God is not tame. God is patient, and allows most things to work out slowly to prevent destroying everything important.

  10. Jeff—it is interesting that you compare it to Science. As a scientist of a sort, I never thought of it that way. Scientific principles can apply to religion in a way, but when we try to make spirituality follow a formula, we are dooming ourselves to disappointment.

    psychochemiker—It is interesting that you should point this out, because one of the themes of the Book of Mormon is that righteousness=prosperity. I think there are a couple of things that shed light on this. First, remember that the prosperity that was enjoyed was a general prosperity. There is nothing said about individual prosperity. In other words, living as a righteous community leads to a prosperous community. Which makes perfect sense. In a world where no one is trying to cheat another, where mutual gain is more important than personal gain, where each is keeping the commandment to love his neighbor, not covet, not steal, respect parents, etc., all benefit as a whole.

    One thought that has also come to me when thinking this over is that this keeping commandments > prosper in the land progression is a specific blessing placed on this land. We refer to the “promised land” and often think that means the land was promised to us. But scriptural evidence suggests to me that perhaps it means land with a promise. It is a land dedicated to righteousness, and when the people as a whole live in righteousness, the land works with them.

    I certainly hope that doesn’t apply to specific circumstances, judging on the state of my own garden. ;)

    Geoff—I think that is often a very good way to approach it. I do know that throughout my struggle, I could not find peace. Nor was He (or has He) promised that “everything will turn out alright in the end.” One thing I have had to let go of is the need for it to be alright. It may never be alright for me again in the sense of being granted the blessings I have been promised. But, in knowing that it is possible, I no longer have to fear that my unworthiness, my weakness and mistakes, keep me from realizing the blessings. I can trust now that whatever happens, the Lord is pleased with my efforts. And that matters far more to me than blessings or results.

    Thank you, everyone, for your comments.

  11. Rameumptom, I don’t like thinking of God as a “hands-off” God. I think it is intimately involved in the details of our lives. We don’t like to think of it that way, because it means that He may have been involved in the bad things of our lives too, and we don’t like the idea of a God who would make our lives uncomfortable and even sometimes miserable. But I think is involved nonetheless.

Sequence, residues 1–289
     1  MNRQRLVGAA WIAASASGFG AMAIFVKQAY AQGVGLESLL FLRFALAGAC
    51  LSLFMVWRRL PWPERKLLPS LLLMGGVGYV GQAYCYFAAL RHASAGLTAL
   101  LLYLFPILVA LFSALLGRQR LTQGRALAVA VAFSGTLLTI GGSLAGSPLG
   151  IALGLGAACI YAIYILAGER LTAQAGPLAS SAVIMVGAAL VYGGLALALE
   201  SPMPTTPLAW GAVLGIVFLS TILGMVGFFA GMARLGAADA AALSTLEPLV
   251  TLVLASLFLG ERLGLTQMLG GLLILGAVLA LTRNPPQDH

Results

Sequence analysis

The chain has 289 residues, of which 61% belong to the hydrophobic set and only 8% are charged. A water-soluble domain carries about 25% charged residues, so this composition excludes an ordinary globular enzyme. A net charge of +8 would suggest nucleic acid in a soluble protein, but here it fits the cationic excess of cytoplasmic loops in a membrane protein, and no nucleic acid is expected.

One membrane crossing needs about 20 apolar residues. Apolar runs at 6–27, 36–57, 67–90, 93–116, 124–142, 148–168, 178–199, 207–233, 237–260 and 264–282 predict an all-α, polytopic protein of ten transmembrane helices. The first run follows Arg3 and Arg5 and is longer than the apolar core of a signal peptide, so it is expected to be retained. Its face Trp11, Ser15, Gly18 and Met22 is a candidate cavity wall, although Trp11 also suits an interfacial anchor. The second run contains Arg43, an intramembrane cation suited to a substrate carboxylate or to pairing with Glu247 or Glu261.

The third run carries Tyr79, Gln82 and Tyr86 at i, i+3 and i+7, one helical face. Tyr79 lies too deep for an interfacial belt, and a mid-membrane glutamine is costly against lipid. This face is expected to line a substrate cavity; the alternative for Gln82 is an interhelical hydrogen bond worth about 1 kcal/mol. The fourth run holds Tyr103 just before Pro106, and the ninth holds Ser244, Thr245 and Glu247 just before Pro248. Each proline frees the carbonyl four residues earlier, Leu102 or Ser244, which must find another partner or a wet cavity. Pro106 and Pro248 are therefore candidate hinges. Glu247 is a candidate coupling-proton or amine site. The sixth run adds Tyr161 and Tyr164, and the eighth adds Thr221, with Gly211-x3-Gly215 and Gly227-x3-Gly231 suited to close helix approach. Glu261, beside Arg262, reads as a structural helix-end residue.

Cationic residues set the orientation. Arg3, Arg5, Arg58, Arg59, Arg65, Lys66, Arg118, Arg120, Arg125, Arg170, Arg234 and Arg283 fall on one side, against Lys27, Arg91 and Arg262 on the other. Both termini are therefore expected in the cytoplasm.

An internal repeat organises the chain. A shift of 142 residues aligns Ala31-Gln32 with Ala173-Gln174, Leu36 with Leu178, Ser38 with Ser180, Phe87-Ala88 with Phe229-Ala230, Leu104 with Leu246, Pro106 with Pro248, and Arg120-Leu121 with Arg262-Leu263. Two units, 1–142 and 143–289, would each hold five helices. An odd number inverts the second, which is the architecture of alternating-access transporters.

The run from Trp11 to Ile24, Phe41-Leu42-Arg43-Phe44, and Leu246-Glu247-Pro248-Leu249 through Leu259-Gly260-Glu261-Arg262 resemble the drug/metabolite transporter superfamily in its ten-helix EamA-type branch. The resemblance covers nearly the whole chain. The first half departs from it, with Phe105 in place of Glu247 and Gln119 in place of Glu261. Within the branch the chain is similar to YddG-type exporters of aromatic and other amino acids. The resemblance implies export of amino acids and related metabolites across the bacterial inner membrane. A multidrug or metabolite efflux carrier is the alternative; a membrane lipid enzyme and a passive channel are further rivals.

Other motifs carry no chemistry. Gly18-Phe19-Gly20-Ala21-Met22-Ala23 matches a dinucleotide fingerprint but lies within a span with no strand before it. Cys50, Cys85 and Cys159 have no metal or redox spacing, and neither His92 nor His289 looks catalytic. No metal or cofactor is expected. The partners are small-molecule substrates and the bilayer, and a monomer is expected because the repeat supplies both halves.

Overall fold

12. As a followup, I think that we, in our modern age, equate growth with autonomy. We sometimes conceive our purpose in life as an opportunity to learn autonomy. In that case, it makes sense to say that God would keep his hands off and and allow us to stumble around on our own, so that when we succeed, we can claim ownership of our success. But I don’t think God is teaching us autonomy. Rather, everything in the scriptures indicates that God is teaching us the opposite of autonomy. He’s teaching us that we can’t do it alone, and that autonomy is not the highest good.

  13. Thank you SR, for reminding about the individuality thing. Somehow I always manage to forget that.

  14. I like to think of God as wise. He knows when to let us be, and knows when to help us. I know that I’m seen sometimes as an unfeeling mother because I don’t protect my kids from every bump and scrape. I prefer to teach them what can happen, and let them decide. Then, when they get hurt, I’m there to comfort. But when it has potential for serious harm, I’m the first to protect them. I imagine God is like that, only much better at it. And His perception of serious isn’t ours. Much like a scraped knee might be the end of the world for my two-year-old, but I have a little more perspective on it.

  15. I am sorry I missed this post when it was fresh. C.S. Lewis also used the analogy of us wanting a Grandfather in heaven rather than a Father in heaven.

    This is, perhaps, the great weakness of liberal theology. It does not attempt to explain the facts. It is no wonder it tends to slide into non-literal theism.

    I touched about a similar subject in my Atheists Who Know God post a while back.